A friend of ours lives in Milan, Italy. She moved there a few years ago with a missions organization. They paid for her to stay in Milan for two years. When her “term” was completed, she could not continue in the same city with the same missions organization. But, instead of returning to the United States or moving to another place with the missions organization, she decided to get a job and stay in Milan.
Recently, she was interviewed about her experiences. She shared the interview with us via email, and she allowed me to post parts of the interview here.
In this first part, she explains the struggles she originally had with “contextualization”:
For the first six months of my term, I mostly just observed and learned from them. One of my observations was the ease they had in building relationships. Even though I was on a “platform” I still found some difficulty in that I didn’t live life exactly as they did. I did not have to leave my house and get onto a crowded metro at 7:30 in the morning. I didn’t feel the same level of stress and work fatigue they felt. I wasn’t on their rhythm. As a result, even though I loved them and was all about “contextualization,” it only went so far as I did not completely and authentically live like them. I also saw that they were able to express a deeper incarnational testimony and model what a normal life “on mission” looks like.
In the next part of the interview, she explains how this all changed once she got a job and begin working to support herself:
I have loved my life as a “normal person.” It has changed everything both for me personally and in my ministry. For me personally, being legitimately and authentically on the same “rhythm” as everyone else has completely changed my view of “contextualization.” Contextualization is no longer something that I have to be intentional in doing — I AM part of the context. I feel their pain and joy. I am one of them — not just pretending to be or trying to be.
I feel like it has been an answer to prayer for me spiritually as well. Though I do see a place for vocational ministry and know that God calls us to different things, I noticed in my personal walk with Christ as a missionary that the gospel became my job. It tragically became something I “sold.” If I were a banana salesmen who focused all day on selling bananas, the last thing I would want to do at night would be to sit down and eat a plate of bananas. Though I knew it should not be like this for a missionary — and with many I know it is not — I found that the lines between my categories of work and the truth that changed everything in me often got blurred. Now I live in Milan, Italy as a person who has been radically changed and transformed by the gospel of Christ, placed in community with others, and has the privilege of being part of God’s mission to glorify himself on the earth. I cannot help but testify, NOT because it is my job, but because it is my life. People don’t distrust me when I do because I am a normal person and this is what I believe. They don’t see me as someone with a “hidden agenda” to convert them. Of course knowing they do not see me that way makes me even more bold in my testifying!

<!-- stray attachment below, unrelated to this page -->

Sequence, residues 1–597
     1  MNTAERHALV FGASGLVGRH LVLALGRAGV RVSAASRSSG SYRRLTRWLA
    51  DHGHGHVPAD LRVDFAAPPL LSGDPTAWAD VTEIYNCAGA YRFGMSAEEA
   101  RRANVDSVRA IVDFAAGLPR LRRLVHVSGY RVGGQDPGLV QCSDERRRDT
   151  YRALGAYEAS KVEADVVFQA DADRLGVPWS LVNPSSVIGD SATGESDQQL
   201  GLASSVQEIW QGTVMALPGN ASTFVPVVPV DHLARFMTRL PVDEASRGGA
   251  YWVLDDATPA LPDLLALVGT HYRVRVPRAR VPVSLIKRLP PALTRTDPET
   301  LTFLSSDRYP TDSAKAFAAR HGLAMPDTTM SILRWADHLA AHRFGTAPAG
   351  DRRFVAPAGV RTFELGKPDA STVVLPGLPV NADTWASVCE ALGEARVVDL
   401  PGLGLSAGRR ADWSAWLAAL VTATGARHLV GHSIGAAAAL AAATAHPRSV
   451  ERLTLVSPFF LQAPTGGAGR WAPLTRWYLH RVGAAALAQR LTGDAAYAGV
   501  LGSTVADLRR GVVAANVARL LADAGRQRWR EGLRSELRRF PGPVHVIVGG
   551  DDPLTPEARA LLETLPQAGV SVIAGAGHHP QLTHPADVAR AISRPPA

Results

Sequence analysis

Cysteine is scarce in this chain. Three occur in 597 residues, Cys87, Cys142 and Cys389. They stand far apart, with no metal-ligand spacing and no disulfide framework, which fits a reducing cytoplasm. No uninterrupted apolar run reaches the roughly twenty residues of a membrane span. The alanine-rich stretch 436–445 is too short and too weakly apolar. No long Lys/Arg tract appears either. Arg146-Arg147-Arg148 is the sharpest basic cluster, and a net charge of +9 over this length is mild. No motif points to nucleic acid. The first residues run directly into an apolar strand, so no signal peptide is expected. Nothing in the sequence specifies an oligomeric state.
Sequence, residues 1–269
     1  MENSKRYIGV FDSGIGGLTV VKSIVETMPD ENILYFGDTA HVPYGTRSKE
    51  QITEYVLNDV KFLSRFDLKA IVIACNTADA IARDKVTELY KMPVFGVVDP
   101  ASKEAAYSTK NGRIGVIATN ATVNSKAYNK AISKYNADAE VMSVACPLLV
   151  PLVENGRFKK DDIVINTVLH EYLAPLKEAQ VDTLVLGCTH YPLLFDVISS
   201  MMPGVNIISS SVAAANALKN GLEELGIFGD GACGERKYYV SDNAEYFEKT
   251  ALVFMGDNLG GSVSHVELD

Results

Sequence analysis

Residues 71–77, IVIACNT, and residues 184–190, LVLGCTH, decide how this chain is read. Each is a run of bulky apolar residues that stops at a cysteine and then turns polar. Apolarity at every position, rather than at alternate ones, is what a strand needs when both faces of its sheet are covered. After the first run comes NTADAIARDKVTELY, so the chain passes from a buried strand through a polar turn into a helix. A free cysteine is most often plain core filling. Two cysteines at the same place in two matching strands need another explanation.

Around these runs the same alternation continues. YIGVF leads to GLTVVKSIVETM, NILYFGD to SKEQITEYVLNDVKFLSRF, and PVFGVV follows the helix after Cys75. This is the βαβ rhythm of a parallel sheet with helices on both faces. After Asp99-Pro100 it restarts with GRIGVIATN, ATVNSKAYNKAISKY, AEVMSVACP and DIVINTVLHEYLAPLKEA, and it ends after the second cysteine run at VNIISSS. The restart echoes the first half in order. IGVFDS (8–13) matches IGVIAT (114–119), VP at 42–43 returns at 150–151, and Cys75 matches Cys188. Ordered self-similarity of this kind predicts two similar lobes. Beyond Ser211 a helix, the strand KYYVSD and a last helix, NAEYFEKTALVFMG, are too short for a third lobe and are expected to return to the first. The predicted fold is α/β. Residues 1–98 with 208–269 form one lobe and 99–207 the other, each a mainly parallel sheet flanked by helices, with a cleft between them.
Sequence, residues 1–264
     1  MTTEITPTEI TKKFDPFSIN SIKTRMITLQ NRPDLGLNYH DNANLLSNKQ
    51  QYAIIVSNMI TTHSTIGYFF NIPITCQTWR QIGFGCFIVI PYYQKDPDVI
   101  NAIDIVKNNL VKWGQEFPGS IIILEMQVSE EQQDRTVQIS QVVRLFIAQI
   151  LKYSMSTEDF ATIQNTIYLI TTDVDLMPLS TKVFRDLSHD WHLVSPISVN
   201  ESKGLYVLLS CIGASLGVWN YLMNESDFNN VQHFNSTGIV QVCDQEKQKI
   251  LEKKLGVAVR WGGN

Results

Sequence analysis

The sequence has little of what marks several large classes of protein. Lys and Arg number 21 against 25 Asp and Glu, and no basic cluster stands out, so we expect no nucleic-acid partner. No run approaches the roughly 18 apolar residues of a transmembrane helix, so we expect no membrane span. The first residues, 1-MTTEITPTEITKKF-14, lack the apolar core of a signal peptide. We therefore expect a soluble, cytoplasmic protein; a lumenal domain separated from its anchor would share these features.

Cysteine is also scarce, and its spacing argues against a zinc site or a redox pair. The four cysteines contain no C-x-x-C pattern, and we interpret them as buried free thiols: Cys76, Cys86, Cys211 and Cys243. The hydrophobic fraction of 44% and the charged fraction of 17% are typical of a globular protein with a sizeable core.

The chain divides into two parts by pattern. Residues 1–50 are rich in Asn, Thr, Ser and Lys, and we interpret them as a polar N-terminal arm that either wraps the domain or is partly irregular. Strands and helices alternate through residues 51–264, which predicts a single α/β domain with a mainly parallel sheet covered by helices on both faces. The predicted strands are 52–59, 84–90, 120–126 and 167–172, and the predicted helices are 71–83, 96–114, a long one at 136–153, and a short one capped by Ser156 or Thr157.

I love that one part: “Contextualization is no longer something that I have to be intentional in doing — I AM part of the context. I feel their pain and joy. I am one of them — not just pretending to be or trying to be.”
Do you know that for many church leaders, the same problem exists. They are not really part of the context. They are not “one of them.” They know it, and the people know it.
I wonder if all church leaders would find the same freedom and acceptance that my friend has found if they stepped away from “vocational ministry,” began working for their own support, and continued ministering to the people that God brings into their life… as one of them.